The plot here mostly follows Adam and Travis getting to know one another and beginning their relationship. The guys are sweet together and there is a nice tenderness to their interactions. While Zach is kind of a low level background threat, most of the focus here is really on Adam and Travis’ developing relationship. While I found the early parts of the story really engaging, I did find things start to slow as we get further in the book as there isn’t a whole lot going on aside from Adam and Travis’ day-to-day interaction. The conflict that comes is laid out in the blurb, so there is no surprise here as to what’s going to happen. I also found the conflict to be sort of weak. First, it was hard for me to understand why Travis never told Adam he was a Daddy who also was a member of the club where Adam works. I get he may not have said anything at the start, but they are well into both their friendship and their romantic relationship and he still doesn’t tell him. There is even a point where Adam asks Travis if he is familiar with the club and Travis changes the subject to avoid answering. I would understand if it was presented that Travis wasn’t comfortable talking about or sharing his kink, but that never appears to be the issue. It just felt like an omission purely there to cause conflict later. When the truth comes out, Adam feels his trust is violated and he asks Travis for space. Travis then texts and calls him regularly until friends make it clear he needs to cut that out, then he tracks down Adam’s location through some professional connections and starts sending him gifts. Which… is not giving space. So I’ll admit, I didn’t love how this whole conflict comes together or is resolved.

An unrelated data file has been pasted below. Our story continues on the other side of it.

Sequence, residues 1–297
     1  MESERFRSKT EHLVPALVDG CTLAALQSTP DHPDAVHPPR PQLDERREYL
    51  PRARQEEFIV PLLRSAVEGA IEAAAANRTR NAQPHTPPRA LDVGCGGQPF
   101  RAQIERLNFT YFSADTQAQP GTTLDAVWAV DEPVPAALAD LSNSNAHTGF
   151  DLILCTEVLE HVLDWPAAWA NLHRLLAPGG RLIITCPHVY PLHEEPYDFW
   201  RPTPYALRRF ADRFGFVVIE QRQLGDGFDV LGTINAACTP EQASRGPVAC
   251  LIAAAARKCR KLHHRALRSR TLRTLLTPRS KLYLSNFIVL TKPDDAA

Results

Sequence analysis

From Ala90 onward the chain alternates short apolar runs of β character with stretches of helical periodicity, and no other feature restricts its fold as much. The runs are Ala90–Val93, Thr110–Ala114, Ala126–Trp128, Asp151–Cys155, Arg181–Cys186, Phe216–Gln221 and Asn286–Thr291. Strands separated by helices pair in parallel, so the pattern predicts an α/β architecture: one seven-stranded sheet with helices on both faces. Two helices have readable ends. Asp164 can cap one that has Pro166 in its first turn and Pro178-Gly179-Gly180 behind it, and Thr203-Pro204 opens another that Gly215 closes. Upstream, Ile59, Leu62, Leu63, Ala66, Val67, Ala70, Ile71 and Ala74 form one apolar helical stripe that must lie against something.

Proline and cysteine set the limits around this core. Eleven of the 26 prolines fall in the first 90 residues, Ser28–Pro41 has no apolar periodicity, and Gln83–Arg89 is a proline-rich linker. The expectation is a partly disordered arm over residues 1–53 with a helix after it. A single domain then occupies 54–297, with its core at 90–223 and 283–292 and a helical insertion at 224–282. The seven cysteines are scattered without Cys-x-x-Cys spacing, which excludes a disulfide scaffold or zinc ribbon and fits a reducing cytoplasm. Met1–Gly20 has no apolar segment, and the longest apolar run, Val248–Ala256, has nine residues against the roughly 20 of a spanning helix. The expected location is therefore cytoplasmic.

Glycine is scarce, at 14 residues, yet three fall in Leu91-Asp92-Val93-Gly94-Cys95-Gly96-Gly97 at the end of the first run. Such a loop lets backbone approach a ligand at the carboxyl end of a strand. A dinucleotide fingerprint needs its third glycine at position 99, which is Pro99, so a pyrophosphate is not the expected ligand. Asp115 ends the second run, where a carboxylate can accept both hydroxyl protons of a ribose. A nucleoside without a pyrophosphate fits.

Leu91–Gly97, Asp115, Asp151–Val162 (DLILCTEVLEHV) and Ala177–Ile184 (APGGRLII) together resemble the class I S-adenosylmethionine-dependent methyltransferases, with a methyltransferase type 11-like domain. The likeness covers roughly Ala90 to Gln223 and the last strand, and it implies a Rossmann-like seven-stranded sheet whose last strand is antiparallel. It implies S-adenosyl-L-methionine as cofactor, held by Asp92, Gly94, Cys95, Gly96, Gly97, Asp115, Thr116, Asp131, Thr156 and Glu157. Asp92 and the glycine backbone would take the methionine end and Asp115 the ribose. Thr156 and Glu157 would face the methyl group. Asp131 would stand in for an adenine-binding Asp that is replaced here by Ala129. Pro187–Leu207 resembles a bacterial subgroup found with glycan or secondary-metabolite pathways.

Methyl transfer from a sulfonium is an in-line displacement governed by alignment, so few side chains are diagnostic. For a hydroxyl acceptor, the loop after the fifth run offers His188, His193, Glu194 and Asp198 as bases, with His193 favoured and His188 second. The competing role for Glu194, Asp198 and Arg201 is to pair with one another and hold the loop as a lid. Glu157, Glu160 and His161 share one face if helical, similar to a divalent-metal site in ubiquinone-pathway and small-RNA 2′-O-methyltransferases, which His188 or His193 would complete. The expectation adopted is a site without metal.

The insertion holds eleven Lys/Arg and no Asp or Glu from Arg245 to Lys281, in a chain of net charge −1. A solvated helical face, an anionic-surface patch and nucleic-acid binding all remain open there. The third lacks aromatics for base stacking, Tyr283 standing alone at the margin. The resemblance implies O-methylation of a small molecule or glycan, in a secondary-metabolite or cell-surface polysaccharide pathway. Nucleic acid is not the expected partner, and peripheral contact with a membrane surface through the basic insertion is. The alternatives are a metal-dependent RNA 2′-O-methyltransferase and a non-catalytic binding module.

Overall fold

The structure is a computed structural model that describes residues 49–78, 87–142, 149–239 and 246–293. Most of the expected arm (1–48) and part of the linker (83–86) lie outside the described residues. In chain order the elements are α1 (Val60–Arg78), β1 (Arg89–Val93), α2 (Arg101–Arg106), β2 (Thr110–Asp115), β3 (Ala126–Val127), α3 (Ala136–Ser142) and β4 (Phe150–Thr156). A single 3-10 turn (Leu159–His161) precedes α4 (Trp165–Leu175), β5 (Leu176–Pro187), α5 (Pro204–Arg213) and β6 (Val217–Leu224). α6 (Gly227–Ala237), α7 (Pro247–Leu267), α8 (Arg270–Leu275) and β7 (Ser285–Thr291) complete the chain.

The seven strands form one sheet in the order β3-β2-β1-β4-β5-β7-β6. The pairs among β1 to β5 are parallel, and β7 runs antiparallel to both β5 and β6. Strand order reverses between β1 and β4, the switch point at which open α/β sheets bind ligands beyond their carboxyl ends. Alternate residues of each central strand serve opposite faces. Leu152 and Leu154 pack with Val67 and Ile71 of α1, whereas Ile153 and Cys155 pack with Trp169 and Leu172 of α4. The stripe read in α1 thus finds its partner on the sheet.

The title of this series is Davey’s Rules and Davey himself is a prominent side character. So prominent actually that the Prologue of the book is told from his POV as he goes on a date with Travis. The premise is that Davey has a list of rules for Daddies and Travis fails them so they cut the date short. I think some of your feelings about this book (and series) will likely rest on how you feel about Davey. He is clearly a guy with a good heart and he takes Adam in and helps care for him without a thought. He is ready to step in and defend his friends and he is without a doubt a good person. But he is also a lot — a total drama queen, nosy, into everyone’s business, outrageous, etc. I liked him for his heart, but at times I found him too much. I assume we will continue to follow through his eyes over the course of the series until he finds is own Daddy. We also meet some other club members (some more likable than others), some of whom I assume will ultimately get their own stories. I’ll note that some of the Daddy/boy relationships are age play dynamics with “little” boys, in addition to the Daddy/boy kink that Adam and Travis share.

Overall, I found this story sweet and I enjoyed the relationship between Travis and Adam. I think Hawke does a nice job showing how Adam thrives under the Daddy/boy dynamic and how that doesn’t take away from his inner strength and ability to stand up for himself and fight for what he needs. Rules to Follow does a nice job setting up the series and I’ll be looking forward to seeing where things go from here.

Note: While we don’t see the Adam being abused on page, we do see the immediate aftermath, including information about his many injuries. There are also some additional conflicts and altercations later in the book (thought Adam is not injured). So be aware if this is a trigger for you.